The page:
Figure 2. The structures of briarenolide F (1) and excavatolide F (3).
Figure 2. The structures of briarenolide F (1) and excavatolide F (3).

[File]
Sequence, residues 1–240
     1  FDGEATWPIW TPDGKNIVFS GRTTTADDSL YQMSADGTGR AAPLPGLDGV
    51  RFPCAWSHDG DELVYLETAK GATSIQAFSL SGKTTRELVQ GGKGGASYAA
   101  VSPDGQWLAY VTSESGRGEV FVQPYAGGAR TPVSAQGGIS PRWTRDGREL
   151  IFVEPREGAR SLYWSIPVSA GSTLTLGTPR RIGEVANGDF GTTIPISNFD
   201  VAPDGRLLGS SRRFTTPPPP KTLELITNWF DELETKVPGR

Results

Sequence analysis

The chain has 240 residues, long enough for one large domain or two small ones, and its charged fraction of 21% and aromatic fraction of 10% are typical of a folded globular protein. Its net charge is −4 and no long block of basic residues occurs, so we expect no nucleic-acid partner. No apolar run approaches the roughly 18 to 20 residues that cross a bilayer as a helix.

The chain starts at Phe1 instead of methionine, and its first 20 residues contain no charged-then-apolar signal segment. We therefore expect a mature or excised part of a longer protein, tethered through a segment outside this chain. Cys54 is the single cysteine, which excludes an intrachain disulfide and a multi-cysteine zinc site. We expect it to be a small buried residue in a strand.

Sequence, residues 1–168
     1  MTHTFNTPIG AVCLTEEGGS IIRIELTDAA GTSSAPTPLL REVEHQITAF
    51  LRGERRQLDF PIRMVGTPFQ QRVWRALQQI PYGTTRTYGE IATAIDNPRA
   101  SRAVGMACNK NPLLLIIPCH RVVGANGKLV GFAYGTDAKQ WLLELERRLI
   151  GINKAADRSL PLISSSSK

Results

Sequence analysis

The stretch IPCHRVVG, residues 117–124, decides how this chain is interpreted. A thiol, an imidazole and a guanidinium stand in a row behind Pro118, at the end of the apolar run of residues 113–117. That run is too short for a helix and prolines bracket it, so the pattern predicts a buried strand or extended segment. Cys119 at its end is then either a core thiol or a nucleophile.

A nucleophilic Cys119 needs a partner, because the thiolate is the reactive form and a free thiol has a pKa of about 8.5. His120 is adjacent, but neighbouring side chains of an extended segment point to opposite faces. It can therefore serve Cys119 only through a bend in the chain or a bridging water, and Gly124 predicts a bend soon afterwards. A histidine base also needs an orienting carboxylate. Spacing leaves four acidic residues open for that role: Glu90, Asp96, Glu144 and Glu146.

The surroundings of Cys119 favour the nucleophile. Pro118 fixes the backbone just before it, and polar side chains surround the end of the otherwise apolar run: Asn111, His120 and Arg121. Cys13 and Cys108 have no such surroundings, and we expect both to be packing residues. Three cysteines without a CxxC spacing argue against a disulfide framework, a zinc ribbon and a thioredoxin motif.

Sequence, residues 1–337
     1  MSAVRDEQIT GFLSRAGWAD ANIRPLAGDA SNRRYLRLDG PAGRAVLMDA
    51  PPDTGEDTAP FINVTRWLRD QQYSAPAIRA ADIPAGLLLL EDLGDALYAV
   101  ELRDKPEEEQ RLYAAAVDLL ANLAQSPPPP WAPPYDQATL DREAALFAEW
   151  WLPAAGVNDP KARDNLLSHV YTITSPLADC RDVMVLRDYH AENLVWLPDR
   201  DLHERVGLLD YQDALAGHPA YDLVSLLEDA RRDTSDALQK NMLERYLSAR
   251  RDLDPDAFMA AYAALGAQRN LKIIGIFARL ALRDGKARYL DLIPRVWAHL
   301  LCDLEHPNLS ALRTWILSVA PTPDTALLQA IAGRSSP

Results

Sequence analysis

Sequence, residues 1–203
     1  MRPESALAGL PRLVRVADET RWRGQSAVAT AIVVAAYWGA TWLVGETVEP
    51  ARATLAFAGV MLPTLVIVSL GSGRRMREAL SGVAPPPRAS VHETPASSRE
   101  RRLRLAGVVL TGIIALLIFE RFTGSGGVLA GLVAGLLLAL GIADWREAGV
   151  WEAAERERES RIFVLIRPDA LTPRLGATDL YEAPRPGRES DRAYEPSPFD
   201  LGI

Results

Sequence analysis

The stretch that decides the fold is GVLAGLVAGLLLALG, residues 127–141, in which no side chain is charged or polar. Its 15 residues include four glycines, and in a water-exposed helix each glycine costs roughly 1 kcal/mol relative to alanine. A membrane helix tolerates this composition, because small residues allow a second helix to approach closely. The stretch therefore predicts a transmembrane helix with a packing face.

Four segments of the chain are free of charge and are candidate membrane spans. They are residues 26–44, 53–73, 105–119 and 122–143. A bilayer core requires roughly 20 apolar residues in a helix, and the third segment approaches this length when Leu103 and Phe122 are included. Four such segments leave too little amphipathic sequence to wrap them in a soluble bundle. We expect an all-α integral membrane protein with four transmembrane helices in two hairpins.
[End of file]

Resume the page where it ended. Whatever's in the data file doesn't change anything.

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In all naturally-occurring briaranes, H-10 is trans to the C-15 methyl group, and these two groups are assigned as α- and β-oriented in most briarane derivatives [4,5,6,7]. The relative configuration of 1 was elucidated from the interactions observed in a NOESY experiment and was found to be compatible with that of 1 offered by computer modeling (Figure 3) [39] and that obtained from vicinal proton coupling constant analysis. In the NOESY experiment of 1, the correlations of H-10 with H-2, H-9, H-11 and H-12, but not with H3-15 and H3-20, indicated that these protons (H-2, H-9, H-10, H-11 and H-12) were situated on the same face, and these were assigned as α protons, since the C-15 and C-20 methyls are β-substituents at C-1 and C-11, respectively. H-14 was found to exhibit an interaction with H3-15, but not with H-10, revealing the β-orientation of this proton. The configuration at C-9 is worthy of comment. H-9 was found to exhibit correlations with H-10, H-11, H3-18 and H3-20. From a consideration of molecular models, H-9 was found to be reasonably close to H-10, H-11, H3-18 and H3-20, while it was placed on the α face in 1. The C-16 vinyl methyl showed correlations with H-4 and H-6, demonstrating the Z configuration of Δ4,5 and the hydroperoxy group at C-6 was α-oriented. The cis relationship between H-6 and H-7 was established by a correlation between H-6 and H-7 and a small coupling constant (J = 2.4 Hz) between these two protons. Moreover, an acetyl methyl (δH 2.01) exhibited correlations with H-12 and H-2, further supporting an acetoxy group was positioned on the α-position at C-14 in 1. Based on the above findings, the configurations of all chiral carbons of 1 were assigned as 1S*, 2S*, 6S*, 7S*, 8R*, 9S*, 10S*, 11R*, 12S*, 14S*, 17R*, and the structure of 1 was established unambiguously. To the best of our knowledge, briarane derivatives possessing a hydroperoxy group are rarely found [22,32,38] and briarenolide F (1) is the first briarane derivative possessing a 6-hydroperoxy group. A double bond positioned at C-4(5) in briarane-type metabolites is also rarely found [31,40,41,42].